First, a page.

This article, "El Presidente," appeared originally as a Skills Check column in the February 2010 issue of Shooting Illustrated. To subscribe to Shooting Illustrated, visit the NRA membership page here and select Shooting Illustrated as your member magazine.
It was developed as a means to check shooter proficiency. Col. Jeff Cooper, founder of Gunsite Academy and designer of the drill, didn't name the drill El Presidente. That came later when it was adopted by IPSC as a standard competition stage.
To perform the classic version, start with your back to three Gunsite silhouette targets, 10 yards away, spaced 1 yard apart. On signal, turn, draw and engage each target with two rounds, reload and fire two more rounds at each target. It is a timed drill with a 10-second par time for semi-autos and 12 seconds for revolvers.
To score this drill, five points are awarded for every hit in the 8-inch center ring and two points for all other hits on the target, for a possible score of 60. Five points are added to the score for every full second under 10 and five points deducted for every full second over 10. Because of the time factor, the potential exists to score more than 60.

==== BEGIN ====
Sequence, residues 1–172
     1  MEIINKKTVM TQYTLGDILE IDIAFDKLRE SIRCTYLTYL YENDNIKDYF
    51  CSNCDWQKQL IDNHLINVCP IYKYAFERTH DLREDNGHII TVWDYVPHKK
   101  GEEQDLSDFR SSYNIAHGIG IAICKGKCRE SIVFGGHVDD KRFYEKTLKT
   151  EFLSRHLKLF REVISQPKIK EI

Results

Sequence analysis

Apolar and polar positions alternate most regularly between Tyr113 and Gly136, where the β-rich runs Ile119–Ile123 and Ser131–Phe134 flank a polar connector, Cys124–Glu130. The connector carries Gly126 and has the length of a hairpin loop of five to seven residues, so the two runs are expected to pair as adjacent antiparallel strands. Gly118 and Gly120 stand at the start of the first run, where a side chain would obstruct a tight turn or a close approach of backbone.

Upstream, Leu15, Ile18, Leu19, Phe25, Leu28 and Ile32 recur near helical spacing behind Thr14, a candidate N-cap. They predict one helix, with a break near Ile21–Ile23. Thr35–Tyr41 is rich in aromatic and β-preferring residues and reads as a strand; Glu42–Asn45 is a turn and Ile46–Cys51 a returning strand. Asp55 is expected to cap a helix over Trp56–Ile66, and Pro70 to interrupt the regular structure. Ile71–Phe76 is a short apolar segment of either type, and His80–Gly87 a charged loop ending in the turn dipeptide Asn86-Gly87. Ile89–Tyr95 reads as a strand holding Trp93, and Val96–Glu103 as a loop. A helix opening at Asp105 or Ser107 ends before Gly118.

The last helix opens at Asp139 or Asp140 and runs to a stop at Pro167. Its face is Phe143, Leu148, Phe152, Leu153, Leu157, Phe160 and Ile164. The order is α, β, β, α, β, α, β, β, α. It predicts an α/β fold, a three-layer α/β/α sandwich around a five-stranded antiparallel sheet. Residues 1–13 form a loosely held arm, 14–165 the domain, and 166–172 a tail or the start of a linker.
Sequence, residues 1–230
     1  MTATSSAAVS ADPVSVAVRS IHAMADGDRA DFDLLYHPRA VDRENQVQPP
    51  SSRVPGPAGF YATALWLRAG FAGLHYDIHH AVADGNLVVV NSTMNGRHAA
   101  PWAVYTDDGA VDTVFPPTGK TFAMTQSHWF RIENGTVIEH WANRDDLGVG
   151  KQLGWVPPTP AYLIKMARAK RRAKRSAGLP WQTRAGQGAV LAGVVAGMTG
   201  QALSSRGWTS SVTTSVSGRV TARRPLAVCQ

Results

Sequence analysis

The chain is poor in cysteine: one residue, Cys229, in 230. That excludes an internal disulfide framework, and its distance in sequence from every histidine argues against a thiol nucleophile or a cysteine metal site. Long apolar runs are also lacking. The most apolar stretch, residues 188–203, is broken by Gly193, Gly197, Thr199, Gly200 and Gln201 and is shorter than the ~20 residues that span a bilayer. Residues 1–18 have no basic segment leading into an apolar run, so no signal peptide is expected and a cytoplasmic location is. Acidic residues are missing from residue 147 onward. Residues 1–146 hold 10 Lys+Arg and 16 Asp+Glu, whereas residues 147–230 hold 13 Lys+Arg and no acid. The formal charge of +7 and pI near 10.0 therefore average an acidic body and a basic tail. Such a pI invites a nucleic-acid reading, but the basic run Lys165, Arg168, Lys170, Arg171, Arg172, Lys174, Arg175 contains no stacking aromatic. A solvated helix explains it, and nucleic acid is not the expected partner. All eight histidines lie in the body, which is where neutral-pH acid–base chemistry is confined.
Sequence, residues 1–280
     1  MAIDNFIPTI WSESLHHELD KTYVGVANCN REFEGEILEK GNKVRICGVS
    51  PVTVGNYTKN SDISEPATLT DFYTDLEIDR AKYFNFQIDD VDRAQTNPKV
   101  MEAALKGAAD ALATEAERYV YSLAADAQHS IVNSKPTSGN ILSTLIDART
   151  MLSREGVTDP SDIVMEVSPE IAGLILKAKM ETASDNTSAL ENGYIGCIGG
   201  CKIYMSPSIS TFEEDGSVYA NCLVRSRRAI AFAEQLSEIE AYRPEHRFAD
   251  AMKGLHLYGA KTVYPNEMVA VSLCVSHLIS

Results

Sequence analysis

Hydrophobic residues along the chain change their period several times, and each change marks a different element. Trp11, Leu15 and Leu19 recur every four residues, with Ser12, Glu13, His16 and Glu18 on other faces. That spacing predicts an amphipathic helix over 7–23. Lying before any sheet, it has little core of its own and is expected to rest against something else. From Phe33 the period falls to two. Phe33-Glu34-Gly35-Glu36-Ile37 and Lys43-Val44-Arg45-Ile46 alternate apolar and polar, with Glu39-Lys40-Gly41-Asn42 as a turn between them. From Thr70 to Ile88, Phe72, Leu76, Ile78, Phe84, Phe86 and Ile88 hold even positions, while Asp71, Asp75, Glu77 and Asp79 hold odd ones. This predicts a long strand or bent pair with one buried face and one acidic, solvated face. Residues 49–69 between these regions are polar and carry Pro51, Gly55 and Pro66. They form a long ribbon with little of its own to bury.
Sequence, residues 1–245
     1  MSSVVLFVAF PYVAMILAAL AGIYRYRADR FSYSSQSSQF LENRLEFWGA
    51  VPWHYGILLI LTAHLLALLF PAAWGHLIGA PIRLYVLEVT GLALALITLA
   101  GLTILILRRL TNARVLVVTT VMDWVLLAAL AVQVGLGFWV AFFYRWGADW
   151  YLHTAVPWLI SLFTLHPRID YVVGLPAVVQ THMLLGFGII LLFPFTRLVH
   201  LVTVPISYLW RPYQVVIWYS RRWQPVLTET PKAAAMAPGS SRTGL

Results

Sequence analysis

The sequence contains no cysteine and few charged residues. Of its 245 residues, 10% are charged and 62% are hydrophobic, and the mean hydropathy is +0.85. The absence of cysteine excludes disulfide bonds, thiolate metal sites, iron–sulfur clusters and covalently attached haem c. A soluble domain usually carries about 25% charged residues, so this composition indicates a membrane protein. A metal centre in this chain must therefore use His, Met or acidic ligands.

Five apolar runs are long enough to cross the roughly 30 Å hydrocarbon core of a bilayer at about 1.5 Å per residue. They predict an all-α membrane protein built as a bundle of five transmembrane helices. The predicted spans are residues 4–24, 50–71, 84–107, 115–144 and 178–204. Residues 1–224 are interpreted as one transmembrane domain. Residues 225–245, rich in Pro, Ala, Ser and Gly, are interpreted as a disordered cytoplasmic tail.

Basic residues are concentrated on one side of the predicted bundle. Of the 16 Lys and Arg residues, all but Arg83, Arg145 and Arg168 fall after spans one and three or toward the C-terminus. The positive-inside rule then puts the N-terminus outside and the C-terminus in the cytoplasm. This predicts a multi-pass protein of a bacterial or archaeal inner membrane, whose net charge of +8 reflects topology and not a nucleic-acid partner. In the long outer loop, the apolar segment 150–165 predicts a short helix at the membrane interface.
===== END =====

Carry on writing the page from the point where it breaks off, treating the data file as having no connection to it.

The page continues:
Cooper believed this drill was not the sort of thing one should practice. He thought it best used as a test to measure what a person was capable of, with the gear they were carrying, at any given time. He also stressed it was not necessarily the correct tactical solution when dealing with three armed threats.
El Presidente combines several skills: turning, drawing, shooting accurately and quickly and reloading. It epitomizes the need for balancing accuracy, power and speed—Diligentia Vis Celeritas as it is often cited at Gunsite. According to Ed Head, the operations manager at Gunsite, "Cooper felt anyone capable of performing this drill on demand, with a suitable carry pistol, achieving a score of 45 or better, was probably an expert with their firearm and carry gear. Some professional shooters are capable of shooting this drill on large steel targets in four or five seconds. I have never seen anyone do it properly, that fast, with a good score on paper targets—the-way we still do it at Gunsite."
As an interesting side note, Head said he can remember Cooper riding his three-wheeler down to the range while a group of students ran through this drill. He would say, "Ed, they aren't doing it right." Cooper had been listening to the cadence of the shots being fired from up at his house. According to Cooper, properly done, it should sound like six evenly spaced shots, a pause for the reload and six more evenly spaced shots. Not three separate double-taps with a reload pause, then three more distinct double taps.